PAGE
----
Report from Sri Lanka: Parliamentary Elections
August 26, 2015
After a hotly contested campaign, Parliamentary elections in Sri Lanka concluded peacefully last week in a vote hailed by local and international observers as one of the most free, fair, and peaceful in Sri Lanka’s recent history. The 70 percent turnout fell short of last January’s 82 percent, possibly due to the monsoon rain that arrived two hours before polls closed on Monday, August 17.
The United National Party (UNP), led by Ranil Wickremasinghe, won 93 seats, with 13 bonus seats awarded under the proportional voting system for a total of 106. Former President Mahinda Rajapaksa led a major attempt to return to power as prime minister, but his United People’s Freedom Alliance (UPFA) won just 83 seats and12 bonus seats. Among lesser winners, the Tamil National Alliance (TNA) made a strong showing in the Northern Province and the Batticaloa District of the Eastern Province with 16 seats; the Janatha Vimukthi Peramuna (JVP) won six seats; the Sri Lanka Muslim Congress (SLMC) won one seat; and the EPDP, a Tamil party led by ex-militant group leader Douglas Devananda that has been associated with the Rajapaksa regime, won one seat.
Amidst the political cross-overs and convoluted alliances that have emerged in recent months, it appears that the citizens of Sri Lanka have voted with their heads to consolidate the changes they ushered in last January. Voters resisted attempts to stoke ethnic discord and fears of a return to war, voting largely along national rather than ethnic or regional lines. Many of the ethnic parties, such as the SLMC and the Ceylon Workers Congress (CWC – associated with the upcountry Indian Tamil community), fared poorly in this election.
The TNA showing is extremely significant, revealing Northern voters’ firm support for more moderate Tamil politics. There were several new alternative parties comprising former LTTE associates, but none of the former rebels won a single seat. Similarly, the Bodu Bala Sena party, newly established by a controversial Buddhist monk who had been closely associated with extremist Sinhala Buddhist politics and the Rajapaksa regime, barely secured 20,000 votes. Moderation, accountability, and the yearning for stability appear to have won the day.
The Election Commissioner’s office, established after the January 8 elections, was a strong force during this election, working closely with the police to enforce voting rules and handle election violations. Following the March 12th Movement, a widespread civil society campaign encouraging voters to base their choice on the integrity and past performance of the candidates, many longstanding members of Parliament lost their seats. It is unfortunate that, having heard the voice of the Sri Lankan electorate on January 8 and August 15, the leading parties are now attempting to use the National List appointment process to bring back losing candidates. One of the most disappointing aspects of this election is the relative absence of female candidates. Perhaps the National List process would be better used to bring in a few more female representatives.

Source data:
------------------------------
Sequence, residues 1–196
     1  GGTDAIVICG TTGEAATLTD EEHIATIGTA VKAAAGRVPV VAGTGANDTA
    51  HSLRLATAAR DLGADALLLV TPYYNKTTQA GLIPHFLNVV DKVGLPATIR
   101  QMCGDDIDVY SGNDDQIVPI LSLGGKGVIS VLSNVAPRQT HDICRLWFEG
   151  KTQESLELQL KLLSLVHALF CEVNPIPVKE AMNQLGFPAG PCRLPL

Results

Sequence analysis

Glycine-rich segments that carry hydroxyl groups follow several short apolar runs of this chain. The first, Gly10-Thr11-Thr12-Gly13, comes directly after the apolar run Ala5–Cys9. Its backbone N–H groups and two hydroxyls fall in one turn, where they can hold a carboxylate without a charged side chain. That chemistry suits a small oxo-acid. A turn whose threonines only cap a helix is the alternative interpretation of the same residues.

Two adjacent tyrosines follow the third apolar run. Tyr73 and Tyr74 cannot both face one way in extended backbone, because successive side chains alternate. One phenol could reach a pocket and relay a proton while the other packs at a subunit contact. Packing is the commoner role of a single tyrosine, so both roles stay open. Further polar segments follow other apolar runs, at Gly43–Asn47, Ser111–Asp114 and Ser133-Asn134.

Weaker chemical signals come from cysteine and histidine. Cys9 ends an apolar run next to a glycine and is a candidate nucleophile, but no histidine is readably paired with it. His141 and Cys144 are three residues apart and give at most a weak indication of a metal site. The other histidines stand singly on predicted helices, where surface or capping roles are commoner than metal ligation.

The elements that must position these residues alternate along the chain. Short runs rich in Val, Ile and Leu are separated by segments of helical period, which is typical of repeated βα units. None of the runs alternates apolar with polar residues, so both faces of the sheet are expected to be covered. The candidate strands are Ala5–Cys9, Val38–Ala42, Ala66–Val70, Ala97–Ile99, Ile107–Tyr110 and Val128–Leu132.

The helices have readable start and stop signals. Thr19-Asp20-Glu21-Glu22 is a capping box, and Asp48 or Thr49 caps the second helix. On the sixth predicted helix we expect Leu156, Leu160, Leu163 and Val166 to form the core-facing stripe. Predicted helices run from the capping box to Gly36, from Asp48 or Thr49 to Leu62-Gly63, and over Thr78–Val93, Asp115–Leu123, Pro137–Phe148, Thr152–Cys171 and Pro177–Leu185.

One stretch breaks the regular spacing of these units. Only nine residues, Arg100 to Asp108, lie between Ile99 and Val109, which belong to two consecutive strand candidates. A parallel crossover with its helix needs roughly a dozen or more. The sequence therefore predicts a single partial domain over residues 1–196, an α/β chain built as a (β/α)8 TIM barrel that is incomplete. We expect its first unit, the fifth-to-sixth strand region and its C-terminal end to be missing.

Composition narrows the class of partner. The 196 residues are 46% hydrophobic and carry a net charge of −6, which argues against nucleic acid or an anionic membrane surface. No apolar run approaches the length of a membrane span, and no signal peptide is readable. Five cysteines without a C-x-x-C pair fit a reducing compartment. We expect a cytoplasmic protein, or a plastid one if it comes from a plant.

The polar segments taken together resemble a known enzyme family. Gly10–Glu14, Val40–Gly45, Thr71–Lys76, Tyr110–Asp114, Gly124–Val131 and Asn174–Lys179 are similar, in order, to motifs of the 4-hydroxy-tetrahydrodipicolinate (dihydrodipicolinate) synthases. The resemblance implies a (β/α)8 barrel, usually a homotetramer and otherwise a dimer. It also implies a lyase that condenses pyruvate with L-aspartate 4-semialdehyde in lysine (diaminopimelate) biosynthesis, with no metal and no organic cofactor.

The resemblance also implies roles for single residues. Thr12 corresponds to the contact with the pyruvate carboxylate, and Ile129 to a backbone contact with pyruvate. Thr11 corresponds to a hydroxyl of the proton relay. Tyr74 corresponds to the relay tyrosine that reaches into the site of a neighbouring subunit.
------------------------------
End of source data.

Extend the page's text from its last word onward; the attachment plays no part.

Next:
The question going forward is whether the legislative reforms placed on the agenda in January can continue in the new Parliament. Despite its plurality, the UNP will need to work closely with smaller opposition parties, particularly the TNA, to pass new legislation. The presence of former President Rajapaksa, as well as his son, Namal, and brother, Chamal, may be a disruptive force, particularly if they mobilize close supporters to block the reform agenda.
For now, the new prime minister has offered positive and conciliatory statements urging the country to move forward as “one family” and away from the divisive politics of the past. The Sri Lankan electorate has declared its interest in continuing the good governance agenda that President Maitripala Sirisena inaugurated in January. A memorandum of understanding signed this week between the UNP and UPFA to form a “national government” may blur party lines even further. We will be watching in the coming months as the newly elected government comes to grips with this new electoral configuration and gets to work on the challenging agenda it has set for itself.
Dinesha de Silva is The Asia Foundation’s country representative in Sri Lanka. She can be reached at firstname.lastname@example.org. The views and opinions expressed here are those of the author, not those of The Asia Foundation.
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